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More confident Otwell to defend WPIAL swim titles

| Thursday, Feb. 28, 2013, 1:11 a.m.
Freeport sophomore Bria Otwell completes the backstroke during swim practice at Shady Side Academy on Monday February 25, 2013. Otwell is the WPIAL Class AA defending champion in the 200-yard individual medley and the 500 freestyle event. Erica Hilliard | Valley News Dispatch
Freeport sophomore Bria Otwell completes the backstroke during swim practice at Shady Side Academy on Monday February 25, 2013. Otwell is the defending WPIAL Class AA champion in the 200-yard individual medley and the 500 freestyle. Erica Hilliard | Valley News Dispatch
Kittanning's Morgan Joseph practices the butterfly stroke at the Richard G. Snyder YMCA Campus on Tuesday, Feb. 26, 2013. Joseph enters the 2013 WPIAL Class AA championships with the fifth fastest time in the 100-yard butterfly event as well as the 100 backstroke.

Say goodbye to “Brett” and hello to Bria the beast.

As a freshman last season, Freeport's Bria Otwell used an alter ego to harness her fiery, competitive side at swim meets.

A year older and more experienced, she no longer needs “Brett” to channel the intensity that she'll need to her defend two WPIAL Class AA titles.

Otwell is in position to repeat as the winner of the 200-yard individual medley and the 500 freestyle at the WPIAL swimming championships, which begin Thursday and continue Friday at the Pitt's Trees Pool.

She enters the competition with the fastest-qualifying time in the 200 IM, the fifth-fastest mark in the 500 and a strong mind.

“I don't psych myself out anymore,” Otwell said.

“Last year, I psyched myself out, and I had to create Brett to deal with it. … She's not an alter ego anymore — more of just a mentality. I can find it easier.”

So much in Otwell's life changed in the past 12 months. Home-schooled as a freshman, she enrolled at Freeport for her sophomore year. Her social life bloomed.

Freeport fielded a full swim team, which only helped expand Otwell's social circle.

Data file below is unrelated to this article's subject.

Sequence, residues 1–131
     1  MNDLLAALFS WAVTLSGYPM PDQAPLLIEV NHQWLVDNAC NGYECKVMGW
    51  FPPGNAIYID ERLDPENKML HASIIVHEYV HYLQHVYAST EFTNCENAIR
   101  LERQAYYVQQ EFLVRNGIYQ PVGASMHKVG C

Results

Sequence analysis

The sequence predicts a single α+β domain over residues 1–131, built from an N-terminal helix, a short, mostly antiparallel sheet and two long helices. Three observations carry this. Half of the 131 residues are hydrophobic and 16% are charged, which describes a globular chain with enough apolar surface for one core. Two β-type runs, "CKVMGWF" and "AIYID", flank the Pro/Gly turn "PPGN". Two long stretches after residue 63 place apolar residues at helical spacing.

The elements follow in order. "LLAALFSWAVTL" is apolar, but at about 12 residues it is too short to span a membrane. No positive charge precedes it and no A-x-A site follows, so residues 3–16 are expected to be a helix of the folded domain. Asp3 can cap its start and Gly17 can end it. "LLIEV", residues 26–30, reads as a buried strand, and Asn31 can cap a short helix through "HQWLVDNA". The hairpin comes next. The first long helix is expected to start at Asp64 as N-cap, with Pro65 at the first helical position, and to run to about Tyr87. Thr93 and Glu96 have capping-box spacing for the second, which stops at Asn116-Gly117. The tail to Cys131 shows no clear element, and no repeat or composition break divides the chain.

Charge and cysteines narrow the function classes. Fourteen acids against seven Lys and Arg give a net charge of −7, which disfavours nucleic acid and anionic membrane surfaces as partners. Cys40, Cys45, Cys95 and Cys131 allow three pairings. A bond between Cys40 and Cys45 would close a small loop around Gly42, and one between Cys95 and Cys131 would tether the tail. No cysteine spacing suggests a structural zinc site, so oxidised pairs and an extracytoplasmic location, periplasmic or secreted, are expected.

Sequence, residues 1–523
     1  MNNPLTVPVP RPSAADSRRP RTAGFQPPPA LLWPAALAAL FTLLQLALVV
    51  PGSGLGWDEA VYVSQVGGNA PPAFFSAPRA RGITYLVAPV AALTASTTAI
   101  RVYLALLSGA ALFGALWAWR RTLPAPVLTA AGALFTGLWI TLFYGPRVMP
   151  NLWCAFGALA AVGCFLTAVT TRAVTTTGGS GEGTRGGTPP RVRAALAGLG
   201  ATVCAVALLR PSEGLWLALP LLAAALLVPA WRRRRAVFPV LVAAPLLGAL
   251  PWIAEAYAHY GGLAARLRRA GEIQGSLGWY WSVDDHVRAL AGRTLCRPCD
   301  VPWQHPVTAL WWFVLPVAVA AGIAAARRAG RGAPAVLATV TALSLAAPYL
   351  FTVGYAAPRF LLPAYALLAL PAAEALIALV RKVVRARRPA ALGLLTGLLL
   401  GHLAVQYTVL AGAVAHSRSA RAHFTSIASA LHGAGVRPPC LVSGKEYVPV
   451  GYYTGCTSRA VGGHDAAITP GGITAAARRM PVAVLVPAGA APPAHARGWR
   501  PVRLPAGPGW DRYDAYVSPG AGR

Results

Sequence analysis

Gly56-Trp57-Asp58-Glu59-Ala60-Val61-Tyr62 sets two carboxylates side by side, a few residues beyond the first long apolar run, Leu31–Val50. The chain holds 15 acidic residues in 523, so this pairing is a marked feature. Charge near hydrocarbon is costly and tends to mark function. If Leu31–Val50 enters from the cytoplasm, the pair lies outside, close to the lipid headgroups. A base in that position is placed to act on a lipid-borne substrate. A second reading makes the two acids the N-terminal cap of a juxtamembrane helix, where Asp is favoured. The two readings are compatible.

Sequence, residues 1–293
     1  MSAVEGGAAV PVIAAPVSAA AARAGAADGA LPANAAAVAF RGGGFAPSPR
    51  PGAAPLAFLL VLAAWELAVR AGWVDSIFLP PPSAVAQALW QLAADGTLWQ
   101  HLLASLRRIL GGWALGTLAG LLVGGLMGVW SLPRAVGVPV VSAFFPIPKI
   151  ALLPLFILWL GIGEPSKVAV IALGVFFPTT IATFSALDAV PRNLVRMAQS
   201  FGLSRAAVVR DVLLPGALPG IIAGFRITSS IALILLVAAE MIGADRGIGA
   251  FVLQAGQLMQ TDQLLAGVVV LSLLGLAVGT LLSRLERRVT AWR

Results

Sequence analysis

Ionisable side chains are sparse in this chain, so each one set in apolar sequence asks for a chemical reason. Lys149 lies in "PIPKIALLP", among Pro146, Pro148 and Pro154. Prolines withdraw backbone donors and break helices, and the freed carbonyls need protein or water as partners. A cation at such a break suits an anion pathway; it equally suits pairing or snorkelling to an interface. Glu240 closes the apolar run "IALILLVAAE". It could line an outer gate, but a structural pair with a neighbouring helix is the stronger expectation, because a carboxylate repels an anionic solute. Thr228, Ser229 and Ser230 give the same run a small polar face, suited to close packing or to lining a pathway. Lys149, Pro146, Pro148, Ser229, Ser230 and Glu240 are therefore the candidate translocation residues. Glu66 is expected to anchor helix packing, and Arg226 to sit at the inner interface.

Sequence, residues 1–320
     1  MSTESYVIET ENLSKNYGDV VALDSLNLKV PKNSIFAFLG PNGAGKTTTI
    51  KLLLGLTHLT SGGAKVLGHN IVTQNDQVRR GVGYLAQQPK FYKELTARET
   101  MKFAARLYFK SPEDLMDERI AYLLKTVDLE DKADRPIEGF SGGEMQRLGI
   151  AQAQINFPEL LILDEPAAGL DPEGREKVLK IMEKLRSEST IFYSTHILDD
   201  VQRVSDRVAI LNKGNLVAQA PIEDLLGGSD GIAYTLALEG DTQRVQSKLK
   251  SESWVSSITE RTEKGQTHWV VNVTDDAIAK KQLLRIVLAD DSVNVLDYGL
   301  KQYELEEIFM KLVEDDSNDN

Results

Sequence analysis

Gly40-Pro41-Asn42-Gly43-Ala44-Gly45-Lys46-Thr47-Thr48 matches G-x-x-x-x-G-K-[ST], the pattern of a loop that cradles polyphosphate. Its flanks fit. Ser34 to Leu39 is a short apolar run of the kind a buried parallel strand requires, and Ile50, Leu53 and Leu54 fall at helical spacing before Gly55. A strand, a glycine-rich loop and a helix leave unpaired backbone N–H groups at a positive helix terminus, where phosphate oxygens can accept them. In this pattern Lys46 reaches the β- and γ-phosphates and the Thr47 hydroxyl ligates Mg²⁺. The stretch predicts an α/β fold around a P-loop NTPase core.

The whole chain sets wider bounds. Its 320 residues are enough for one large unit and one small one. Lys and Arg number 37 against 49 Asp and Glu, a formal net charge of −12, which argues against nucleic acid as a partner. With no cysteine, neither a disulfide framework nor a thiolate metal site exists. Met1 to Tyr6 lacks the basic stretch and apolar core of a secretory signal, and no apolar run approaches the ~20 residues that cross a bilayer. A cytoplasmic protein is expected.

“I don't feel as caged, like I did last year,” Otwell said. “I don't feel as much stress and anxiety. I think my friends have really helped with that.”

More Yellowjackets are around this season to share in the excitement. A year ago, Freeport had just one other individual qualifier, then-sophomore Rebecca Dudek, and two relay teams, the 200 medley and the 400 freestyle.

This winter Dudek is back, there's an additional relay (the 200 freestyle team), and Otwell's longtime friend, freshman Zoe Pawlak, is in the mix.

Pawlak, a standout on Freeport's volleyball team, started swimming with Otwell when both were around 5 years old. But Pawlak gave up the sport when she began to devote serious time to volleyball two years ago.

Back into swimming, but “not really seriously back into it,” Pawlak is a medal contender in the 50 and 100 freestyle. She has the second-fastest 50 time (25.23) and the eighth-best mark (55.97) in the 100.

“It was a sport that I was really serious about when I was younger, but it's kind of become more of a hobby,” Pawlak said.

Otwell considers her friend's comeback tour nothing short of amazing. The sophomore was particularly stunned when Pawlak broke her 100 butterfly record fairly early in the season.

“Zoe has the racer mentality to a ‘T,' ” Otwell said. “She came back and killed it.”

While Freeport has several swimmers who might end up on the podium, Kittanning's only hope of a medalist rests with MoJo.

Junior Morgan Joseph, the Wildcats' lone representative for a second straight season, has the fifth-best qualifying time in both the 100 backstroke (1:01.86) and 100 butterfly (1:01.97).

“I know I can go a lot faster than my seed times,” said Joseph, who noted that she had better marks in non-high school meets this year. “I have equal faith in both. But backstroke is my event; I prefer back.”

Bothered by nerves at the WPIAL championships last season, Joseph placed 11th in the butterfly and seventh in the backstroke.

She believes she'll remain more collected this time. And she'll feel stronger, too — Joseph began to taper her training two weeks ahead of the WPIAL meet, a reaction to the way her body responded after a one-week taper last year.

“A little bit of nerves is always good, but I'm not too nervous,” Joseph said. “I'm confident in my training.”

Bill West is a staff writer for Trib Total Media. Reach him at or via Twitter @BWest_Trib.

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